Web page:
She began it because of a student she encountered who had incredibly bad halitosis and who committed suicide the day after she met him. That set her to wondering what it was about our digestive systems that could affect our lives so greatly.
The result is an exploration of various allergies – the result of the digestive system trying to protect the body from the onslaught of an enemy – lactose and other food related intolerances, not to mention the scientific theory behind bad breath. She refers to the gut as the ‘body’s most underrated organ’ and suggests that it might have a greater role to play than previously suspected.
Indians of course would love the sections where she discusses the colour and consistency of faecal matter and traditionalists would promptly ban the commode that throne like seat of so many philosophical musings in favour of the squat toilet – which Enders says is actually the most scientific way to evacuate ones bowels and spend less time doing it. There is actually a measure called the Bristol Stool Scale which ranks poop on a scale of one to seven!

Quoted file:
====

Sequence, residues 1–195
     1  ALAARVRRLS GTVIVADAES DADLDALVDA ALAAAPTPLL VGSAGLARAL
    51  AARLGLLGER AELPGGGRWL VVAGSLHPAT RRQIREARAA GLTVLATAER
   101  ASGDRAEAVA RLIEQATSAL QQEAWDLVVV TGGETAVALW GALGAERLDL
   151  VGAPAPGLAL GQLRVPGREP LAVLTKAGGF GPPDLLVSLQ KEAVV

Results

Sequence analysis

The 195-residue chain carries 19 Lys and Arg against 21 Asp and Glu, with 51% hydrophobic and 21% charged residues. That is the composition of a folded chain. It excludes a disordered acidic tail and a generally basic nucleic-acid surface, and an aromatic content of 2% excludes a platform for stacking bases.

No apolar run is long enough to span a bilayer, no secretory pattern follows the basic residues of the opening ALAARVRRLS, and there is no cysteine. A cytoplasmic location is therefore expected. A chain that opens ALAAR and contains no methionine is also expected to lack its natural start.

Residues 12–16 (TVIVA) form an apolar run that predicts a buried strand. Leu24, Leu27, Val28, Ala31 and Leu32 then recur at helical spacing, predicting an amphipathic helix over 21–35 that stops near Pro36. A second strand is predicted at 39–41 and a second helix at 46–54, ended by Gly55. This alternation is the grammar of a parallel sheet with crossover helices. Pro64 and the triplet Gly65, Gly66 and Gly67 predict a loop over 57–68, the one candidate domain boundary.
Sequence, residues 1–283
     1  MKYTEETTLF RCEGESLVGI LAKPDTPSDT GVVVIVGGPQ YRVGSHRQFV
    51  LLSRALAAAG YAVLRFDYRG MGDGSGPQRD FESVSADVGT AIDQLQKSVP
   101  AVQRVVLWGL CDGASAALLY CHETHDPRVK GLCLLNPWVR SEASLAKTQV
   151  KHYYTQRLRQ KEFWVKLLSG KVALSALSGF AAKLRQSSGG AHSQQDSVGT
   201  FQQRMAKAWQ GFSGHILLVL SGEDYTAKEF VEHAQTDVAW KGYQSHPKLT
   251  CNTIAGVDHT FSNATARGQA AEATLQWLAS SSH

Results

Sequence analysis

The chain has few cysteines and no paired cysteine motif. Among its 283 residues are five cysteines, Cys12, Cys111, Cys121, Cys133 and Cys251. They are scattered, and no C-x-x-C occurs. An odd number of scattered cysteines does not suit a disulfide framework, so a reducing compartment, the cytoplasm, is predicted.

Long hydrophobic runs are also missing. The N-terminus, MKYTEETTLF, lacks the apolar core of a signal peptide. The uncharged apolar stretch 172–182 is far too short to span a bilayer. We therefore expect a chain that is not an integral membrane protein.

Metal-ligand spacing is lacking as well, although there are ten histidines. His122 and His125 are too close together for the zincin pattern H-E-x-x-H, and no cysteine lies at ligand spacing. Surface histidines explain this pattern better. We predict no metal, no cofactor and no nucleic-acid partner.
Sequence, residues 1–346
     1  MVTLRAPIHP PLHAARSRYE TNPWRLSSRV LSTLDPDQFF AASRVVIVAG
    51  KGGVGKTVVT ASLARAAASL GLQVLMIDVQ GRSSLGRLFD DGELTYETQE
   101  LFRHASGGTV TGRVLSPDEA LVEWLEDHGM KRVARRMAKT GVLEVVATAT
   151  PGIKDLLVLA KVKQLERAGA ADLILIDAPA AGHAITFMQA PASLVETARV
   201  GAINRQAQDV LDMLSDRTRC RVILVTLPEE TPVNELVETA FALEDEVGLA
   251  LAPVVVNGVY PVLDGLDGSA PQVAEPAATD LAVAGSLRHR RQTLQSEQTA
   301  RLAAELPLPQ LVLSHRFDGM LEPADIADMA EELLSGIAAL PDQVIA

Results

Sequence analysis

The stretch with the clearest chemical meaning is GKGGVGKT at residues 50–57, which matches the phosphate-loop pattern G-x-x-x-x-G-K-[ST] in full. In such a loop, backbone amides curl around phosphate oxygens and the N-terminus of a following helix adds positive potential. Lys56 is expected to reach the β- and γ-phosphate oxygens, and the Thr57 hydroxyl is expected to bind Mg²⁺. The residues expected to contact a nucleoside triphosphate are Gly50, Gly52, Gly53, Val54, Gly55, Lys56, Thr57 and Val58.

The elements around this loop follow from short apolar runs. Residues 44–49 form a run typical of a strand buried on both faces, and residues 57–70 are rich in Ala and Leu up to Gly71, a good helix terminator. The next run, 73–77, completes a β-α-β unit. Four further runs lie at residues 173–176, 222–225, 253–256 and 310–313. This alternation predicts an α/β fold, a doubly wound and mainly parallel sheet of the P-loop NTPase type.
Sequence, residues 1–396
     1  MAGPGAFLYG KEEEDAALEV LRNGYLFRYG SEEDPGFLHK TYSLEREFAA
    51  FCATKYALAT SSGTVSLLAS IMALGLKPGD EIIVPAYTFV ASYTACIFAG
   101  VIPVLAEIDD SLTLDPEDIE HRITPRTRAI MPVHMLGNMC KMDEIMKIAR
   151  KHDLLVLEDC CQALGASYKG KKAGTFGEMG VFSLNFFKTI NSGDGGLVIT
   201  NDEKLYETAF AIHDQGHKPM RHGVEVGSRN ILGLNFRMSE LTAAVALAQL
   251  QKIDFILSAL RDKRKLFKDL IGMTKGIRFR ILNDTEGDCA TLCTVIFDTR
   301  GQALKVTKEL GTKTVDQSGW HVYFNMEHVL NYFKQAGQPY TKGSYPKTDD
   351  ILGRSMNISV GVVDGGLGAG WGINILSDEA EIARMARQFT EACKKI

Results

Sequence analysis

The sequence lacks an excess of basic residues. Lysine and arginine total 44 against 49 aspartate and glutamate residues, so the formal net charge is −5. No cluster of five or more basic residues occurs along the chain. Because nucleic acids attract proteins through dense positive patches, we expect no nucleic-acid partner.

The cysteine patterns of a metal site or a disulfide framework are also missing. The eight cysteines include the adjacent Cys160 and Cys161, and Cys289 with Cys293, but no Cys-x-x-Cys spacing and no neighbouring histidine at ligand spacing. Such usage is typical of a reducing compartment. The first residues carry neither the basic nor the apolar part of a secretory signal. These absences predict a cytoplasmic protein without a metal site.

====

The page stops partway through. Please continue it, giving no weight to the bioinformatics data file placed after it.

If that’s a blow to your bathroom reading habits you can easily install a low footstool in front of your throne, put your feet up on it and bend forward to approximate a squatting position while still holding onto that magazine.
Originally written in German, the book is a quirky translation which delves into matters like whether you should or should not fart in front of your lover just yet and the role that your inner and outer sphincters play in controlling these matters. Constipation results incidentally when the two sets of internal muscles are not in sync.
Medicos and the scientifically trained may gulp on encountering things like “If we vomit the raw egg back up after the right amount of time, the results would look like almost perfect scrambled eggs — without any cooking!” Basically Enders explaining why eggs should be cooked before being eaten to save your insides the effort of cooking them before digestion.